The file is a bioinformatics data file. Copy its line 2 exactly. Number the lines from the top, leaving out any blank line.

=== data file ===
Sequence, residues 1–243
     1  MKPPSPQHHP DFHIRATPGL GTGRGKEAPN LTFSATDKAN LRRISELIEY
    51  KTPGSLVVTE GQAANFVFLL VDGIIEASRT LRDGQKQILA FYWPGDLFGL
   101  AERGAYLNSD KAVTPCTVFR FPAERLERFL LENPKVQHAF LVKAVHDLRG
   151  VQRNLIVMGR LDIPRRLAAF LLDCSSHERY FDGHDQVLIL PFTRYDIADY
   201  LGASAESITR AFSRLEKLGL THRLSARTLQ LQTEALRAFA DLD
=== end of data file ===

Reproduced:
     1  MKPPSPQHHP DFHIRATPGL GTGRGKEAPN LTFSATDKAN LRRISELIEY